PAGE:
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Trudeau government buys Trans Mountain pipeline for $4.5 billion

The massive project to get Canadian oil to the west coast has faced stiff opposition from First Nations, the BC government, and environmentalists.
Prime Minister  Justin  Trudeau speaks at the Civil Society 7 meeting in Ottawa on Monday, May 28, 2018. THE CANADIAN PRESS/ Justin Tang

The federal government has reached an agreement to buy the controversial Trans Mountain pipeline project from Kinder Morgan for $4.5 billion, ending months of uncertainty as to whether the Alberta-B.C. pipeline expansion will proceed.

“To guarantee the summer construction season of the Trans Mountain pipeline will proceed as planned, the federal government has reached an agreement with Kinder Morgan to purchase the pipeline and all infrastructure related to the Trans Mountain project,” federal Finance Minister Bill Morneau told reporters at a press conference in Ottawa this morning.


The decision was approved by cabinet at an early morning meeting Tuesday — it is now subject to approval from Kinder Morgan shareholders.

The project was suspended by Kinder Morgan last month citing the need to protect its shareholders in the face of mounting opposition from the B.C. government, environmental and First Nations protesters. The company had invested $1.1 billion in the $7.4 billion project, and was looking for some kind of assurance from the federal government that delays to construction due to protests and legal challenges would stop costing them money.

The Trudeau government purchase of the project doesn’t necessarily guarantee that the pipeline expansion will be completed. A First Nations legal challenge that is opposed to the construction of the pipeline on Indigenous territory is still before the Federal Court of Appeal — that decision could stall the project entirely.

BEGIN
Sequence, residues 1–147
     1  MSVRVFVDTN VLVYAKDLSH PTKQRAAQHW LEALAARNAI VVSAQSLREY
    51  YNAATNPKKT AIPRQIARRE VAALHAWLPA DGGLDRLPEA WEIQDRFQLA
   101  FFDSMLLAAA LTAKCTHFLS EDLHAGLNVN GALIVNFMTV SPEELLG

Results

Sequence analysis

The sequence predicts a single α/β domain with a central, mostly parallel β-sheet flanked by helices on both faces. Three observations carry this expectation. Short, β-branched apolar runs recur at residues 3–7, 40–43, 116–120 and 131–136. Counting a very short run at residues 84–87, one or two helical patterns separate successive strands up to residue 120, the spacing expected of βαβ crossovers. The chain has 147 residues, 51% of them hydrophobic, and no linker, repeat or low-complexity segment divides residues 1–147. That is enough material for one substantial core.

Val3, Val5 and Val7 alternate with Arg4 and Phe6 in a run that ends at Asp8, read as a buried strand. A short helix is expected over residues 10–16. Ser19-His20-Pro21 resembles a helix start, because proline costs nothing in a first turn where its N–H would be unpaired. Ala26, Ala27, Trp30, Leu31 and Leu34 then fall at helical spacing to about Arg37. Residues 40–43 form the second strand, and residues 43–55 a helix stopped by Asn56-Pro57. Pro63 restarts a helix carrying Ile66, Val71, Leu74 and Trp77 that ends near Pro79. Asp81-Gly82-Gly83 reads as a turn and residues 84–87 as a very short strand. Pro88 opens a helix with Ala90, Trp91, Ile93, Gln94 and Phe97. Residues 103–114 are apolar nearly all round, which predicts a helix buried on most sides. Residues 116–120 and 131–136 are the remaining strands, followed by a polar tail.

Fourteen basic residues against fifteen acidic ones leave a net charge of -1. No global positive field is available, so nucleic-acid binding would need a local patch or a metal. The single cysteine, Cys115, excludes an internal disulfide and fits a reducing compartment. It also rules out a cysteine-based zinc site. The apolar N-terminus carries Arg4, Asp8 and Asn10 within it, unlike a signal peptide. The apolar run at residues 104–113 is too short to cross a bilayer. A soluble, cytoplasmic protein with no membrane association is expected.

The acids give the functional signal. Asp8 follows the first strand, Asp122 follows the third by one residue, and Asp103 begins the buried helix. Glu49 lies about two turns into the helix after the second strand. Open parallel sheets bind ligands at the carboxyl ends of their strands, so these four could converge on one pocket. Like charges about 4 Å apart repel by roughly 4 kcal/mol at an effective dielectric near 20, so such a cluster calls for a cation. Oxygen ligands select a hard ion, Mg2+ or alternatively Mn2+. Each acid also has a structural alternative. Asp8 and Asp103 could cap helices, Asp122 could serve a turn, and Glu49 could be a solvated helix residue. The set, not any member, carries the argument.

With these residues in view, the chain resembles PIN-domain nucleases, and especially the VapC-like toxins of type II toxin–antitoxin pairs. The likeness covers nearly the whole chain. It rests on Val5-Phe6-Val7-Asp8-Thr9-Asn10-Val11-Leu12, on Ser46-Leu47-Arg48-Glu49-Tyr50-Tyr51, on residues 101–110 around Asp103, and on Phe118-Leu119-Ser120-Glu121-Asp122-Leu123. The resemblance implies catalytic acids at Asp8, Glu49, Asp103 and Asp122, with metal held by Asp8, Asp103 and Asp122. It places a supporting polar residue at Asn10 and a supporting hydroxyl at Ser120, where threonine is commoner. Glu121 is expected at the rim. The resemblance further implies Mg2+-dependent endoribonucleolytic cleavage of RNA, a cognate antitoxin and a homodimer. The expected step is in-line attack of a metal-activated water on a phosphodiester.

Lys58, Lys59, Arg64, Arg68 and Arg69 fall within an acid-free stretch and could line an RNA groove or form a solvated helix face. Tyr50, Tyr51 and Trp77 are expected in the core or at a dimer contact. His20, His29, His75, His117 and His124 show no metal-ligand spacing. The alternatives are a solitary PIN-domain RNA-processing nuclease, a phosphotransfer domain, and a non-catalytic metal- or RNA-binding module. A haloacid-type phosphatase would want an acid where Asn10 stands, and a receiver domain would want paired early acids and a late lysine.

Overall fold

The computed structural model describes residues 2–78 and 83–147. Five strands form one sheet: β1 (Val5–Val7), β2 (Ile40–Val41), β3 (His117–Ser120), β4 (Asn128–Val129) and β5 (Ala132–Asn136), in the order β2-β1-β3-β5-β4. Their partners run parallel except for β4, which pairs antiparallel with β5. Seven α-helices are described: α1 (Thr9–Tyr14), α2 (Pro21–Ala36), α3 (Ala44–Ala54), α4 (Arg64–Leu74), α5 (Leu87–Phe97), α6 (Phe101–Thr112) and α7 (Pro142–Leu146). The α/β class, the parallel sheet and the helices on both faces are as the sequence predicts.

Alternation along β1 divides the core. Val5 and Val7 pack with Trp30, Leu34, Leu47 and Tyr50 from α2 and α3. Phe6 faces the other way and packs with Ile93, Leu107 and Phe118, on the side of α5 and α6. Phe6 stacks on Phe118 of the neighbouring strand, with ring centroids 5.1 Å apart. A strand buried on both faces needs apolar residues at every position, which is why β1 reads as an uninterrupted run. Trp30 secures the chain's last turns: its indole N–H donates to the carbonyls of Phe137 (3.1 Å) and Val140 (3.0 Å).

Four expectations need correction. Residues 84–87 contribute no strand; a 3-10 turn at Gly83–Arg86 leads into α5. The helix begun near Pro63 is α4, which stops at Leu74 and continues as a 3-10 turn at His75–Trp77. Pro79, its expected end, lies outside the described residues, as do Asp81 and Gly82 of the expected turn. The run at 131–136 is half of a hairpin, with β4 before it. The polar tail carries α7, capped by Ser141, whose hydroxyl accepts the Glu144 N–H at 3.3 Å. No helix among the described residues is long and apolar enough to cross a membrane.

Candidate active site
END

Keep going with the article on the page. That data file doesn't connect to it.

The government has said that its purchase of the Trans Mountain project will be temporary — just to sort out political uncertainty — upon which the project will be sold to a third party buyer.

“The project should be in the private sector. But in order to get it done, we need to deal with political uncertainty and the only way that can be done is exerting our jurisdiction by purchasing the project,” Morneau said.

Any third party builder who takes on the expansion project will receive an indemnity from the federal government to ensure that pipeline will be completed. Earlier this month, the government offered to compensate Kinder Morgan if it would agree to complete the project, but the Houston-based company rejected that offer.


“We will be paid $4.5 billion for all Trans Mountain assets even if a third party buyer is not found,” Kinder Morgan Canada CEO Steve Kean told investors on a conference call this morning.

The government’s $4.5 billion price tag includes the purchase of the existing Trans Mountain pipeline that has been in operation since 1953, and all “integral assets” related to the twinning line that will run alongside the older pipeline and increase the amount of crude oil that can flow out of the Alberta oil sands.

“The federal government’s decision is a great step forward,” said Alberta Premier Rachel Notley in a statement.

Reaction from opponents was swift Tuesday morning.

And observers pointed out there are still hurdles to cross.

The proposed project entails twinning an existing pipeline from Alberta’s oilsands to the British Columbia coast, but also traversing new ground in certain areas including Burnaby. It will increase the flow of diluted bitumen from 300,000 barrels to 890,000 barrels per day and increase tanker traffic in the Burrard Inlet sevenfold.